Herman Wouk, the Pulitzer Prize-winning author of the Navy drama The Caine Mutiny, whose sweeping novels about World War II, the Holocaust and the creation of Israel made him one of the most popular writers of his generation and helped revitalize the genre of historical fiction, died May 17 at his home in Palm Springs, Calif. He was 10 days shy of his 104th birthday.

Faber emerged victorious at the British Book Awards 2019 on Monday evening (13th May), with Sally Rooney's Normal People scooping the coveted Book of the Year award. The book had earlier won the Fiction Book of the Year prize, while Faber stablemate Leila Slimani's Lullaby won the Debut Fiction category. The 90-year-old company also took the Independent Publisher of the Year gong in the trade section of the awards.

Jean Vanier, founder of L'Arche communities for adults with learning disabilities, living alongside those without them, has died aged 90.

In August 1964, having giving up his job teaching philosophy at the University of Toronto, he bought a small, rundown house without plumbing or electricity in the village of Trosly-Breuil, north of Paris, and invited two men with learning disabilities – Raphaël Simi and Philippe Seux – to share it with him. Both had been living in an asylum and were without family. Today L'Arche (the ark) has 150 communities, in 38 countries, supporting 3,500 people with learning disabilities.

Vanier wrote 30 books on spirituality and community, including Community and Growth (1979), Becoming Human (1998), Befriending the Stranger (2005) and Life's Great Questions (2015). In 2015 he was awarded the £1.1m Templeton prize, for making "an exceptional contribution to affirming life's spiritual dimension".

The Poetry Foundation has announced Marilyn Nelson as the winner of the 2019 Ruth Lilly Poetry Prize, Naomi Shihab Nye the 2019–2021 Young People's Poet Laureate, and Terrance Hayes winner of the 2019 Pegasus Award for Poetry Criticism. The awards are sponsored and administered by the Poetry Foundation, an independent literary organization and publisher of Poetry magazine, and will be presented at the Pegasus Awards Ceremony at the Poetry Foundation in Chicago on Monday, June 10.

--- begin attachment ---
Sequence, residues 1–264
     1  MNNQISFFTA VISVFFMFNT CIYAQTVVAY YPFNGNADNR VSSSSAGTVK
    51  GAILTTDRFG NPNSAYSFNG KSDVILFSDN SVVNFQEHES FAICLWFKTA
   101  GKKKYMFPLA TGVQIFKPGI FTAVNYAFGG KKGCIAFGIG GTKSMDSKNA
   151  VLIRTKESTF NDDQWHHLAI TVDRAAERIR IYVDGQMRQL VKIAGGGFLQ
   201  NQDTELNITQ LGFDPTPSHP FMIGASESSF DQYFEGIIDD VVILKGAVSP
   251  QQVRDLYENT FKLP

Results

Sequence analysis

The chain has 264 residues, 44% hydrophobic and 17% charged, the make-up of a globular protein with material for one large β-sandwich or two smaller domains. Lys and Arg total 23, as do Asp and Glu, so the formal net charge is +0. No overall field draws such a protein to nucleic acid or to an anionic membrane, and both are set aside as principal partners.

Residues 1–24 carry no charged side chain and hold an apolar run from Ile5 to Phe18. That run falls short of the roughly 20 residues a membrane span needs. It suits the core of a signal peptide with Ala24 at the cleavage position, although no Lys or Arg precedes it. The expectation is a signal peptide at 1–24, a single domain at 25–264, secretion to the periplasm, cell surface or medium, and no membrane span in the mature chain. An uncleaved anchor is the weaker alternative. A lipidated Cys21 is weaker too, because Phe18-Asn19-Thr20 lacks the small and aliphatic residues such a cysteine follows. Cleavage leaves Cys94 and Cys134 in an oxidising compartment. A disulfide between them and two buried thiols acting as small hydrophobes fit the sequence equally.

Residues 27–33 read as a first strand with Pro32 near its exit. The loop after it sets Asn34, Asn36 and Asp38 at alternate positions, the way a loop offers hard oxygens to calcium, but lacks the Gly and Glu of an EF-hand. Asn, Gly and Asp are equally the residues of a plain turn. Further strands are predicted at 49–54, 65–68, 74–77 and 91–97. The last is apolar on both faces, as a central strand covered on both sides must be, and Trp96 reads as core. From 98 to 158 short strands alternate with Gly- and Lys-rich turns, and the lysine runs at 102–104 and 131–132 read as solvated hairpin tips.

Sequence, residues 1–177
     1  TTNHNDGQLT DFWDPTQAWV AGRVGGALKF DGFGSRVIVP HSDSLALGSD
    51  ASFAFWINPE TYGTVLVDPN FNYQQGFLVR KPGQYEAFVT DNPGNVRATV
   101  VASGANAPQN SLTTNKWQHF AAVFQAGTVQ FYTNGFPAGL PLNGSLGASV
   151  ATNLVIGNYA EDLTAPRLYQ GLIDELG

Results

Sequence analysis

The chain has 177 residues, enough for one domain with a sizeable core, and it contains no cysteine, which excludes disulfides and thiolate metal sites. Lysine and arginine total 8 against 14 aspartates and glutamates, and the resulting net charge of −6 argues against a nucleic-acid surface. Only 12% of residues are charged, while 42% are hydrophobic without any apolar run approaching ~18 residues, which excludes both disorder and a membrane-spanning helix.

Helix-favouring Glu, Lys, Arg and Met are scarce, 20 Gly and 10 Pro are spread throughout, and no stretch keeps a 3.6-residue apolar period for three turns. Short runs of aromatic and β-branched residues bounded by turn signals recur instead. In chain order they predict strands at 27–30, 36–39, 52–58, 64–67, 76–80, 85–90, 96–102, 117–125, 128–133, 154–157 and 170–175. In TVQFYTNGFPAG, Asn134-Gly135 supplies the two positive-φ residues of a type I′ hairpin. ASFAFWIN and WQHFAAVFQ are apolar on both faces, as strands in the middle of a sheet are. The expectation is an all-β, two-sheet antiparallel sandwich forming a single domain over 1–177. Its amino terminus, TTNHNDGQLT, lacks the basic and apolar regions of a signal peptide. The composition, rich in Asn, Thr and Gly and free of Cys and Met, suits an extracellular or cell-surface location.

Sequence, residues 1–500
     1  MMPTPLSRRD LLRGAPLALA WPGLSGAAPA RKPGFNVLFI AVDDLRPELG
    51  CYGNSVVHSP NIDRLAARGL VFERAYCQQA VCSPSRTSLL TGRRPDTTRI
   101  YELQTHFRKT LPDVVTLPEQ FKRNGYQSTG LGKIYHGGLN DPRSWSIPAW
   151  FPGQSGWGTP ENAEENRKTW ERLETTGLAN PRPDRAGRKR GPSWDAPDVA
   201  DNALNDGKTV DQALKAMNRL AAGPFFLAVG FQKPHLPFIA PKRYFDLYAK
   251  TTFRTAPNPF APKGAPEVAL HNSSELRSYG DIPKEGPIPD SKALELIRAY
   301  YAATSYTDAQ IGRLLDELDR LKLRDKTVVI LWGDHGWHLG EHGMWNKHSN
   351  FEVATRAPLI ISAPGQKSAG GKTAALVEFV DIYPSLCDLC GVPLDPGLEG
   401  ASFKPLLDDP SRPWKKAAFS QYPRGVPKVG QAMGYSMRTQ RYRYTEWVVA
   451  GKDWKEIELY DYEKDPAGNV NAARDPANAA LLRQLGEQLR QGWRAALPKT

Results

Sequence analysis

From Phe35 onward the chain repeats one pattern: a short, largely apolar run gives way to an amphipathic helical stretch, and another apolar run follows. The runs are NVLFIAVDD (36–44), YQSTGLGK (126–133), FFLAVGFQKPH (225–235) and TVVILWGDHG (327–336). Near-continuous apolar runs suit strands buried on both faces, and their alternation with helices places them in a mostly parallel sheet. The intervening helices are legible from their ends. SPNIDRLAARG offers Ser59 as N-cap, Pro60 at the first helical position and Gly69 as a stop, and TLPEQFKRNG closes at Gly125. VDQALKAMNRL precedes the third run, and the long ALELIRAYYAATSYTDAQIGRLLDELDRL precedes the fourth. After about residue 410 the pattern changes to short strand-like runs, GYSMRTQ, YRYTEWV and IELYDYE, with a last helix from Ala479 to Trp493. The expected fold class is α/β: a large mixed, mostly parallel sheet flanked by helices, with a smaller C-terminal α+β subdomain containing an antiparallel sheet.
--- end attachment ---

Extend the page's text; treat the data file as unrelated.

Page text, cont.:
Novelist Ben Dolnick waxes lyrical on the benefits or ditching Netflix for a novel. And not just because a novelist is telling you to:

One night a couple of summers ago, the power went out and, unable to watch Netflix or engage in my customary internet fugue, I lit a candle and picked up a thriller by Ruth Rendell. For the first time in as long as I could remember, my sole source of entertainment for an evening was going to be a book...

Cengage and McGraw-Hill, two of the largest academic publishers remaining, have agreed to a merger on equal terms that is expected to close by early 2020, the companies announced yesterday.

Baker & Taylor has made it official: it is leaving the wholesale retail book market. The move was hinted at when it became public late last year that the company was in talks to sell its retail operations to Ingram and then in the departure over the last few months of key retail staff members. B&T will focus on its traditional core business of servicing libraries, as well as publisher services...

Paul Swydan, owner of the Silver Unicorn Bookstore, West Acton, Mass., wrote on Twitter, "It means I will make less money when I fill special orders for customers, because Baker & Taylor's sole competition offers a much lower discount." He added, "In the larger sense, it's another example of how Amazon is crippling this country in their mostly unchecked quest to monopolize any business they choose to focus on."

thatware.org ©